*Just so everyone knows, the only things I know about Sensory Processing Disorder (SPD) come from research because we’re awaiting the 100% final diagnosis of the particular sensitivities Josiah has. We know he has hypo-sensitivity issues, we just don’t know to what extent and what types. This is the beginning of the journey for us. We are in Kindergarten when it comes to learning about SPD.*
There are a lot of questions about SPD. First of all, having SPD does not mean the child is autistic. It does not mean they have ADD or ADHD or any other disorder. SPD can come all by itself. Children with autism, ADD, and ADHD have SPD issues, but SPD is not necessarily a sign of a larger problem.
Also, SPD does not mean a child is slow in any form or fashion. Aside from children who have SPD that are on the autism spectrum, these children are intelligent and verbal and don’t appear to be different aside from their sensory “quirks”.
A child with SPD will either be hyper-sensitive or hypo-sensitive.
Hyper-sensitivity I think is easier to spot because the child is overly sensitive to various stimuli such as textures, touch, sounds, lights, etc…Most of us have seen hyper-sensitivity in children with autism. I’ve learned that unless someone has been exposed to it before, hypo-sensitivity is a new concept and not easily recognized.
Hypo-sensitivity is the exact opposite of hyper-sensitivity. Children with hypo-sensitivity are under-sensitive. For example, when you touch a hyper-sensitive child on the back, they may feel like you’ve punched them. When you touch a hypo-sensitive child on the back, they may not feel it at all. Hypo-sensitive children seek extra sensory input which often causes them to be in trouble.
I’ve mentioned it before, but here’s some of the things Josiah will do to get him in trouble at school:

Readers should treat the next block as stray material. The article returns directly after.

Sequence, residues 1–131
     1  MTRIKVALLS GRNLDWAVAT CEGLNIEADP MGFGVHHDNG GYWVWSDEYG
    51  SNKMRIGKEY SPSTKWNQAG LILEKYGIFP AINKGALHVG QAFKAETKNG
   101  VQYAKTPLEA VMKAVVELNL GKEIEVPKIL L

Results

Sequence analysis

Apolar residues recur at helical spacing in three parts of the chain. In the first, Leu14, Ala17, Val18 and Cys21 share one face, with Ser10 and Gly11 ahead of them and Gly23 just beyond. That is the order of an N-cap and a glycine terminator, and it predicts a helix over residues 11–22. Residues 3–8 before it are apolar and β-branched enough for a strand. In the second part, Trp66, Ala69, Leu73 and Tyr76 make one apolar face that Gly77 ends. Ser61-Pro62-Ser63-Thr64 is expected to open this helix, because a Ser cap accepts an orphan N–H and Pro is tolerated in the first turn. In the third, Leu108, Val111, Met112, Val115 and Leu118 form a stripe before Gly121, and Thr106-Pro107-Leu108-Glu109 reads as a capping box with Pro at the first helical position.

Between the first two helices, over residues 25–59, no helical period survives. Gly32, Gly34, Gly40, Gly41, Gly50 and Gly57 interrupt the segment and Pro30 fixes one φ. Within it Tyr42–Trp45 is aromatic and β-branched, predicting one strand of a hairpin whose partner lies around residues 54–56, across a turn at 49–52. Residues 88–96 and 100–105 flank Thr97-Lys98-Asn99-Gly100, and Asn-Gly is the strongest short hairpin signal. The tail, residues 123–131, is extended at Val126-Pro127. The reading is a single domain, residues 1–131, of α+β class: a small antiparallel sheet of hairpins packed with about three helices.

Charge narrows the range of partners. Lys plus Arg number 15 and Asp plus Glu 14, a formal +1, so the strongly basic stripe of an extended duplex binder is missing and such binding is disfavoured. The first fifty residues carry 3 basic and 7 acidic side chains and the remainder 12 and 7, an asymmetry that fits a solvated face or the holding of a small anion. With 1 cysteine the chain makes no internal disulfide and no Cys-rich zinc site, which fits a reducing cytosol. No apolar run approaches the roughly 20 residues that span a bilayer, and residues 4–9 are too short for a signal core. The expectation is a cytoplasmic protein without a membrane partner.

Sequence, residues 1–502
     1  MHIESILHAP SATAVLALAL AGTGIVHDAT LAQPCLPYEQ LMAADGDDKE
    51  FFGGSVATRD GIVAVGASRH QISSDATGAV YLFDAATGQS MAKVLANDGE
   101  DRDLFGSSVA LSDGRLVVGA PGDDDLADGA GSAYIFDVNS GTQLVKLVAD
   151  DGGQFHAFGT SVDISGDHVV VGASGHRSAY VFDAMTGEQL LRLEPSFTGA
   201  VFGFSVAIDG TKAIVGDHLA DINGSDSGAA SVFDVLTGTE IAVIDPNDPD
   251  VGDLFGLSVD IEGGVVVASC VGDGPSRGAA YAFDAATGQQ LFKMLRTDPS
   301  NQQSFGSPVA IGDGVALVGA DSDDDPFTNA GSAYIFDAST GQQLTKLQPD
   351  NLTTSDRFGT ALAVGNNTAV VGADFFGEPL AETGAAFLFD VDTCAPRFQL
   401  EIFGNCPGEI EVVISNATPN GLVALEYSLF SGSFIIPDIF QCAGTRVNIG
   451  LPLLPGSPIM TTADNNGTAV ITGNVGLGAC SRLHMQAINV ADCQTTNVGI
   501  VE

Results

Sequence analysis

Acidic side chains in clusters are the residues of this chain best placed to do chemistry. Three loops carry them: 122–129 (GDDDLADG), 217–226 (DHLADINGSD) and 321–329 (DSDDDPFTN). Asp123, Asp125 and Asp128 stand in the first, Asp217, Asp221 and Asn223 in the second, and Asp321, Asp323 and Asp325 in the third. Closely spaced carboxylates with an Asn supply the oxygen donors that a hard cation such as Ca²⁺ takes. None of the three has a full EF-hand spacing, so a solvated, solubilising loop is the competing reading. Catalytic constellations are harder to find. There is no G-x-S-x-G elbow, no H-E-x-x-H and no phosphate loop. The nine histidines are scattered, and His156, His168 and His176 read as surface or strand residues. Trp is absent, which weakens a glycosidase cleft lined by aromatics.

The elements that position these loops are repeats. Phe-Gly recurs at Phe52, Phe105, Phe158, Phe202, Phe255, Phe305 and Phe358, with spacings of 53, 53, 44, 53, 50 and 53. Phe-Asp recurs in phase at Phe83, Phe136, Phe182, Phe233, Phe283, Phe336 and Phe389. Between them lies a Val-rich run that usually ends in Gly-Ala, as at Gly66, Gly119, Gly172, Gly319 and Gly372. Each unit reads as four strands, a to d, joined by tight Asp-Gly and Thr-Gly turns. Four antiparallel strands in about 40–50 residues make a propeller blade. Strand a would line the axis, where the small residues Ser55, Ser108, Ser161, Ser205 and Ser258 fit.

- Cannot sit still and needs to be in constant motion
- Hums constantly and doesn’t even realize he’s doing it (he will whistle too, but I think I’ve stopped that)
- Hangs off of door knobs, back pack hooks, and anything that will support his weight
- “Pinball” or body slam other people
- Cannot lay still or quiet at nap time
- Has a hard time concentrating on school work and has a very short attention span
- Has frequent melt-downs which include flailing himself to the ground and kicking and screaming hysterically for long periods of time over
This is not a complete list I’m sure, but this is what he typically does. As I’m writing this the melt-downs have pretty much gone away (thank you, Jesus), he hasn’t been to the principal’s office in a week and he hasn’t received any bad notes. Most of them say, “Good, but VERY active day.”
We haven’t started his official therapy yet, but at home we’ve been trying a few different techniques we’ve read about and at school they’re trying to adjust the way they do things in order to keep Josiah from being in trouble.
For example, Josiah’s teacher is 100% OK with the humming. She said his humming doesn’t disturb her or the other kids and when he’s humming he’s paying attention. At circle time, he sits in a chair behind everyone else because he IS going to wiggle and move and he seems to stay focused longer when he’s behind everyone. They have bought him a rocking chair (Occupation therapist recommended) and he will sit in that during circle time.
Also, at the beginning of nap time he goes and hangs out with the principal or reads with his reading partner from the local college (college students getting lab credit for reading to the kids) until the other children are asleep. This prevents Josiah from being distracted while they’re trying to get him to sleep and it keeps him from distracting others.
Sadly, from what I’ve read and what Josiah’s Occupational Therapist has said, most children are kicked out of daycare/preschool before the disorder is recognized and diagnosed. People don’t see the symptoms of the disorder (like I listed above) and think that there’s an actual issue other than an under-disciplined child in need of a good time out or spanking.
Now that we have a diagnosis and we are awaiting treatment, it is a relief to know that there is NOTHING wrong with Josiah and he is not a bad kid and we are not bad parents — there are just a few issues that we need to work through with him.
- Don’t label a child when you don’t know (beorganicbewell.com)